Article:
Just as we need to avoid allowing clients to disown or outsource to us their capacity for choice, so we should also encourage their involvement in key decisions about the direction of therapy.
In the case study the therapist presents Craig with two options for approaching their work. When Craig asks her to make a recommendation, she responds by asking for his thoughts about the two options that she has outlined.
“Craig: Hmm, I definitely do not want to make the wrong decision on this, what do you recommend?”
“Therapist: Both options have their advantages and both have research-support behind them, so there really is no wrong decision here…………Still, I recognize that it can be hard to make a decision about something you’ve never done before………..Maybe we can start by having you tell me what you like and do not like about both of the options I presented.”
As we’ve highlighted previously, there are many ways in which we can elicit client preferences.
One approach I’ve often found fruitful and tried to cultivate in the past two or three years is to ask clients how they understand their problems or struggles. Put another way: “How do you make sense of your experience and where you find yourself now?”
I don’t know if this chimes with your experience, but my sense is that clients can find it tremendously powerful to understand that their erstwhile ‘irrational’ patterns make perfect sense when they understand the context in which they first arose.
If we ask the right questions, clients will often have a felt sense of what may lie at the heart of their stuckness. In terms of eliciting their preferences about how these might be approached, one way is simply to ask them “Do you think it might be helpful for us to explore that a bit further?”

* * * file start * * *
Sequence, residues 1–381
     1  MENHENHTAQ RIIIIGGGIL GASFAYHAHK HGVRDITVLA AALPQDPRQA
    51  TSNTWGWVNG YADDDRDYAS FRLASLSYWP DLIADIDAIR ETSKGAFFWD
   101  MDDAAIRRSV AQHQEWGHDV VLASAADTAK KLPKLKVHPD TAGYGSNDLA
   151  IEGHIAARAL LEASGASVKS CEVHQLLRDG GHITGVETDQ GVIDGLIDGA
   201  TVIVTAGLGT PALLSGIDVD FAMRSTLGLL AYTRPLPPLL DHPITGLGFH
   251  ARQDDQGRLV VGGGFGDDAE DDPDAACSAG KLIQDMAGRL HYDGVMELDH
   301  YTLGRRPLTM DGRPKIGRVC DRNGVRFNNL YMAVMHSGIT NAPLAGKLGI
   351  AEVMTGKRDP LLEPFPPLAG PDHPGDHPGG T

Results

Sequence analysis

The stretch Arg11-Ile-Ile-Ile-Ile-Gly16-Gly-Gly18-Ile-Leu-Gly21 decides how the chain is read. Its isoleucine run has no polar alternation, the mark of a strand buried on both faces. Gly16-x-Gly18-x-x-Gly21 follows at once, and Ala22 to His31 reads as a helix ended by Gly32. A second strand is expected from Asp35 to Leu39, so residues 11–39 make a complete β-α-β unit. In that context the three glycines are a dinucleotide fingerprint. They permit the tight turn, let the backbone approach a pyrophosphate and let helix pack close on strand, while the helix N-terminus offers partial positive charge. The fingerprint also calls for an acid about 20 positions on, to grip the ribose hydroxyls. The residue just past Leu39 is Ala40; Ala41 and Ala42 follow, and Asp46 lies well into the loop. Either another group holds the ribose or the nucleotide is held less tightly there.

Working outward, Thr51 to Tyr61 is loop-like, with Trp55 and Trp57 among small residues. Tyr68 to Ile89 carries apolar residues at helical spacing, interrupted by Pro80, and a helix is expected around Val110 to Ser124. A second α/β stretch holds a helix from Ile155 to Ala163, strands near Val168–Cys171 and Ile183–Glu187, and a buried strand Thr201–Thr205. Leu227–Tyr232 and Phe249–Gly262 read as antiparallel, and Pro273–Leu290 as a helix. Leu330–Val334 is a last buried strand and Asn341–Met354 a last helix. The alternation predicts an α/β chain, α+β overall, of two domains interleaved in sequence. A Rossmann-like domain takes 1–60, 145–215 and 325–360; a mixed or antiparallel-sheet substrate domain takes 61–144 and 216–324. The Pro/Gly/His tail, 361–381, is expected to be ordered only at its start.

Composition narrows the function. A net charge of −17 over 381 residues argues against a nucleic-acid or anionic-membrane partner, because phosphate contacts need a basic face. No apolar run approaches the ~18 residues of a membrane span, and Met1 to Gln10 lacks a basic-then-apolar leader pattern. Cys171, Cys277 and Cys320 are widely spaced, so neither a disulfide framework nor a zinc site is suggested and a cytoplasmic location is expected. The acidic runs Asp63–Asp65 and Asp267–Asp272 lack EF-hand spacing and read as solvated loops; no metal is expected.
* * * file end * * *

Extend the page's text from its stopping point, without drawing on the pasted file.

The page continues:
3. Recognising that the therapist may make mistakes
To err is human. To err in therapy, especially early in therapy, can be fatal to the relationship. The sad fact is that, as we sit staring at the empty chair where our client should be, we may not even realise that we have erred.
In the case study initial session Craig expresses his anxiety about the process and about saying ‘something stupid or irrelevant in here’. The therapist responds by reassuring him that it’s OK to make mistakes. She goes further by venturing the possibility that she will make mistakes of her own and invites Craig to tell her when her approach isn’t helpful. Writing this is serving as a reminder to me that I need to do this more consistently, and not just when I remember.
I had a recent powerful reminder of the importance of the client being able to able say, in effect, ‘Ouch!’ A client with whom I have been working for two years was able to tell me how painfully she had responded to something I had said at the end of the previous session. Imagine this scenario with a newer client who has not been explicitly invited to tell the therapist they’ve got something wrong. It’s probably game over.
And how about you?
Whether your experiences chime with anything above, or whether you have a different perspective entirely, we’d love to know. Leave a comment below, and thanks!